New Orleans

In the wake of Hurricane Katrina’s devastation, officials dramatically remade the long-struggling education system in New Orleans, turning it into the nation’s first all charter-school system. Our stories will look at what’s working — and what’s not — in the nation’s largest, most ambitious experiment with school decentralization. See all our Special Reports

The route school buses can take toward racial equity

A Washington, D.C. public transportation program can be a national model

Louisiana ends policy that held thousands of students back a grade or more

Students held back were at high risk of dropping out.

A prisoner's hands inside a punishment cell wing at Angola prison in Louisiana.

A case for educational reparations for the incarcerated

The upper middle class had its turn; now they must pay the privilege forward

Mervian Smith

STUDENT VOICE: How a New Orleans high-school junior learned about race and gender — in North Africa

‘I realized that we need to come together to combat sexism, racism, colorism and other forms of discrimination’

The new convocation center at Xavier University is seen in New Orleans, Monday, Sept. 2, 2013. Student Landan Moore says Xavier is his dream school.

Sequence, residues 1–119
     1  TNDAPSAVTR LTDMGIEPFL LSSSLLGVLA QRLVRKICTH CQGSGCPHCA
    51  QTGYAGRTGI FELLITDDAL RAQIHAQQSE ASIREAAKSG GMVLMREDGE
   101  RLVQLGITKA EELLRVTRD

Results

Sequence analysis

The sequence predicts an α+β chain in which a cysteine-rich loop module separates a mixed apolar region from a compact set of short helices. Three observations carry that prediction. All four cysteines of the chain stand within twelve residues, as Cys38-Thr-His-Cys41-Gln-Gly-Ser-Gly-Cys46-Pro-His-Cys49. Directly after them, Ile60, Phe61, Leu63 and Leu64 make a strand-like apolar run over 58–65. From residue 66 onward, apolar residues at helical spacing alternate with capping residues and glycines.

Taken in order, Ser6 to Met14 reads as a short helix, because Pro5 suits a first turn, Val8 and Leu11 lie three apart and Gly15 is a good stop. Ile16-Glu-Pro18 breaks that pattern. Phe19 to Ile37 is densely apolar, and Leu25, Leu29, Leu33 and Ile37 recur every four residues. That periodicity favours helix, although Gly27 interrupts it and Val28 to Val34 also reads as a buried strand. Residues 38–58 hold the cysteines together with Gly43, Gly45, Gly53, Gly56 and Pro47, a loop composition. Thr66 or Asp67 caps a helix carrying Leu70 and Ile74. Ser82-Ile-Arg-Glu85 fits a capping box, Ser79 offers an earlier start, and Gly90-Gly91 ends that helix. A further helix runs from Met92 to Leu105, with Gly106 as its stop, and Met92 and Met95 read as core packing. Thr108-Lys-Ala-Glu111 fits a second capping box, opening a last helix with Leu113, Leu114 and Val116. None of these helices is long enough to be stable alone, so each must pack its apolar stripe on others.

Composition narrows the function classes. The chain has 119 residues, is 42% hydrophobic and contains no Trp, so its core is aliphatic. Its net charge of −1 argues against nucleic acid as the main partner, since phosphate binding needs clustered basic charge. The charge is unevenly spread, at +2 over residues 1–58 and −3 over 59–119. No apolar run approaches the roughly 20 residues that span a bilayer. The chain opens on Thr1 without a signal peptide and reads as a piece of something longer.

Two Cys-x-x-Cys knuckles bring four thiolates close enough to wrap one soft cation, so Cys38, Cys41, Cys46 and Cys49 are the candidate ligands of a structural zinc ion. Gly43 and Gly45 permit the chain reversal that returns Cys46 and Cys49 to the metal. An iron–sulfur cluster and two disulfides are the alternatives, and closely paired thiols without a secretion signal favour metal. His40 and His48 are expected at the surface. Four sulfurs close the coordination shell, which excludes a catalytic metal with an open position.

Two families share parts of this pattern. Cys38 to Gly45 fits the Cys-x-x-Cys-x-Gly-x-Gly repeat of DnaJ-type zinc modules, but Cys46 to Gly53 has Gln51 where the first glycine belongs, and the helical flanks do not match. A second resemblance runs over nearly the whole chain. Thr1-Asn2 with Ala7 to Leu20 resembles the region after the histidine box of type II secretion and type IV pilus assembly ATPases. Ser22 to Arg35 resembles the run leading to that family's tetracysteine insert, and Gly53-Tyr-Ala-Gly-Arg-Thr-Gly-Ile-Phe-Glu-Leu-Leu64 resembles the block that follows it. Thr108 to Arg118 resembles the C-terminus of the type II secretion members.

A college scholarship meant to help low-income, black students now serves mostly white, middle-class kids

Not TOPS anymore? Louisiana may cut scholarship program that used to be a national model

Laci Hargrove, 18, who fell short of the high school credits she needed to graduate, moved straight from high school to a HiSET-prep program that also provides her with needed social supports.

Getting a GED while still enrolled in high school

High schools in New Orleans try a new way to keep at-risk kids from dropping out

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KIPP players on the sidelines at their game against Sophie B. Wright game.

High school football makes a comeback in New Orleans

Charter schools cut football to win minds. Now to win hearts, they’re bringing it back.

A fundraising page was created to raise money to buy warm clothing for students in cold Baltimore schools.

Baltimore students need more than space heaters; they need justice

Trump’s infrastructure plan should start with the broken boiler systems in Baltimore’s public schools

Domonique Crosby raises her hand in calculus class at George Washington Carver High School.

Held back, but not helped

Louisiana reverses course on its strict policy to hold back students who fail standardized tests. Instead, it will add supports to help them pass.

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